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Because the old C libraries still work with standard C++ types, with a very little bit of adaptation. You can easily change a const char * to a std::string with a constructor, and change back with std::string::c_str(). In your example, with std::string s, just call atoi(s.c_str()) and you're fine. As long as you can switch back and forth easily there's no need to add new functionality.

I'm not coming up with C functions that work on arrays and not container classes, except for things like qsort() and bsearch(), and the STL has better ways to do such things. If you had specific examples, I could consider them.

C++ does need to support the old C libraries for compatibility purposes, but the tendency is to provide new techniques where warranted, and provide interfaces for the old functions when there isn't much of an improvement. For example, the Boost lexical_cast is an improvement over such functions as atoi() and strtol(), much as the standard C++ string is an improvement over the C way of doing things. (Sometimes this is subjective. While C++ streams have considerable advantages over the C I/O functions, there's times when I'd rather drop back to the C way of doing things. Some parts of the C++ standard library are excellent, and some parts, well, aren't.)

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There are all sorts of ways to parse a number from a string, atoi can easily be used with a std::string via atoi(std.c_str()) if you really want, but atoi has a bad interface because there is no sure way to determine if an error occurred during parsing.

Here's one slightly more modern C++ way to get an int from a std::string:

std::istringstream tmpstream(str);
if (tmpstream >> intvar)
    // ... success! ...
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std::string definitely cannot be used with atoi in this way. You can't take the internal buffer of a std::string and manipulate it directly, not via the string's interface. –  UncleBens Nov 20 '09 at 16:06
Um, atoi parses a string, it takes a const char*, it doesn't mutate the passed string at all? –  Charles Bailey Nov 20 '09 at 16:11
Sorry, my mistake... –  UncleBens Nov 20 '09 at 17:31

The tongue in cheek answer is: Because STL is a half-hearted attempt to show how powerful C++ templates could be. Before they got to each corner of the problem space, time was up.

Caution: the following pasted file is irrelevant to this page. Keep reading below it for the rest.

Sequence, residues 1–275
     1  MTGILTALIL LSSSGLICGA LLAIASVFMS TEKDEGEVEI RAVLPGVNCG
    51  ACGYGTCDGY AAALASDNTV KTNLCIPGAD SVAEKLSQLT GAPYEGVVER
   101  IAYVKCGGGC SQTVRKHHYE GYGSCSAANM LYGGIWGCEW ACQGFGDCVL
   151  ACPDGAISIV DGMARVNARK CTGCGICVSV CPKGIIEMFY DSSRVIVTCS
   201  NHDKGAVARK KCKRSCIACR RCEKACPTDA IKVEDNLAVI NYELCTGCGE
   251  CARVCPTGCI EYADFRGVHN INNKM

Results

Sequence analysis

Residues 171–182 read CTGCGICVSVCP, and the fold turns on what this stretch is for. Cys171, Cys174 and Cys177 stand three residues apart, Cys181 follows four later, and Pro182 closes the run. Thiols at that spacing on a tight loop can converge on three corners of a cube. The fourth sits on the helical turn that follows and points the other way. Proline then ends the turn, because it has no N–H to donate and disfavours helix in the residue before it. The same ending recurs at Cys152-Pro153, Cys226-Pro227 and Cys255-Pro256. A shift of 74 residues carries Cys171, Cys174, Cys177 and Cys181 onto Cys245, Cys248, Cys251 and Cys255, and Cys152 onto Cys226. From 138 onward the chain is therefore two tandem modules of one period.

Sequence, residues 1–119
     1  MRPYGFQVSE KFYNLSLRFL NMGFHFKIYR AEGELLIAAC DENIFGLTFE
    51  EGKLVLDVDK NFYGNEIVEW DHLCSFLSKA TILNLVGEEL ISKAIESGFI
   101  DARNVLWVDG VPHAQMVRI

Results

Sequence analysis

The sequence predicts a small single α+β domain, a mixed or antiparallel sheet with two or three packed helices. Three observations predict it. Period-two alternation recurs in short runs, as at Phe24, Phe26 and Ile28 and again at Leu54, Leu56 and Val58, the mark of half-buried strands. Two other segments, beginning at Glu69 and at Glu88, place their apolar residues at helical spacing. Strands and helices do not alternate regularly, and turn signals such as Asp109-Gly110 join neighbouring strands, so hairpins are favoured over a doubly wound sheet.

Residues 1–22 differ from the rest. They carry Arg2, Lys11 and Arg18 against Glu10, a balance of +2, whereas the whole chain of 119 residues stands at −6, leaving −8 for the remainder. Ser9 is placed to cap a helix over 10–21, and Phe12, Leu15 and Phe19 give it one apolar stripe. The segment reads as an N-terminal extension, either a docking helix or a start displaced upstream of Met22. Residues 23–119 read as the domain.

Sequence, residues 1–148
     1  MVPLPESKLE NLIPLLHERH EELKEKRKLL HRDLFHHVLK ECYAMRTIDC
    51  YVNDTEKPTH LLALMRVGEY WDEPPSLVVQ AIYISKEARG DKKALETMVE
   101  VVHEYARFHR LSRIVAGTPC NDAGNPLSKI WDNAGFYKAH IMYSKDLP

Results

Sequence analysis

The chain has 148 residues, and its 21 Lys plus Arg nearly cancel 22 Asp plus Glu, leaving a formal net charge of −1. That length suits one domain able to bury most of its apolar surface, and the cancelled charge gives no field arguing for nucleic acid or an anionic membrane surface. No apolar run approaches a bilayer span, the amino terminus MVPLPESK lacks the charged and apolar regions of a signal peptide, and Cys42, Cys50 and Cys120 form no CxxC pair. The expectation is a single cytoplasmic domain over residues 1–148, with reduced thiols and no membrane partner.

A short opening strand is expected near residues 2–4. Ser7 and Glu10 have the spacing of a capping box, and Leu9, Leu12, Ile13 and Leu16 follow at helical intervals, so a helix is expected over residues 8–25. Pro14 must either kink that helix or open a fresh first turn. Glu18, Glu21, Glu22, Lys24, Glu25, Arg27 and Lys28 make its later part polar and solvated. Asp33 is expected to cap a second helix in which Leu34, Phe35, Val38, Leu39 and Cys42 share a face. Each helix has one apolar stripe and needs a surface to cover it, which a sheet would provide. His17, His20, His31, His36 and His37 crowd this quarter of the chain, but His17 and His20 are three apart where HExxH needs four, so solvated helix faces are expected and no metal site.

There are two reasons: Creating an API takes time and effort. Create a good API takes a lot of time and a huge effort. Creating a great API takes an insane amount of time and an incredible effort. When the STL was created, OO was still pretty new to the C++ people. They didn't have the ideas how to make fluent and simple API. Today, we think iterators are so 1990 but at the time, people thought "Bloody hell, why would I need that? for (int i=0; i<...) has been good enough for three decades!"

So STL didn't became the great, fluent API. This isn't all C++ fault because you can make good APIs with C++. But it was the first attempt to do that and it shows. Before the API could mature, it was turned into a standard and all the ugly shortcomings were set into stone. And on top of this, there was all this legacy code and all the libraries which already could do everything, so the pressure wasn't really there.

To solve your misery, give up on STL and have a look at the successors: Try boost and maybe Qt. Yeah, Qt is a UI library but it also has a pretty good standard library.

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+1 for mentioning Qt. It has a much easier to use interface than the STL. –  simfoo Nov 20 '09 at 15:30
Huh? OO was new? The STL doesn't rely on OO. It came after years of painful attempts at OO libraries. And "iterators are 90's"? Hardly. No other language has picked up on the expressiveness they allow in C++. And far too many C++ programmers still think they're some kind of rocket science or useless academic navel-gazing with no practical applications. –  jalf Nov 20 '09 at 15:32
STL and streams are rather different things, with completely different design ideas behind them (templates all the way vs multiple inheritance etc). Sure, things like sscanf and atoi can be used in C++, but a type-safe alternative is also needed, because you just can't use these functions in template code. –  UncleBens Nov 20 '09 at 16:02
You said "before the API could mature". I think it's a pretty straightforward implication that if an API is not yet mature, it must be immature. UncleBens has a good point too. The STL has nothing to do with the IOStreams library. As for OO, it certainly wasn't new in C++ either. It had been around for ages, long enough to get discarded again when the STL was created. –  jalf Nov 20 '09 at 16:05
"...Today, we think iterators are so 1990..." I hate to break it to you, but many C++, C#, and Java developers are still living in the 80's. If I have to explain one more time why int i=0; for(i=0;...) is bad, I'm going to scream! –  James Schek Nov 20 '09 at 16:08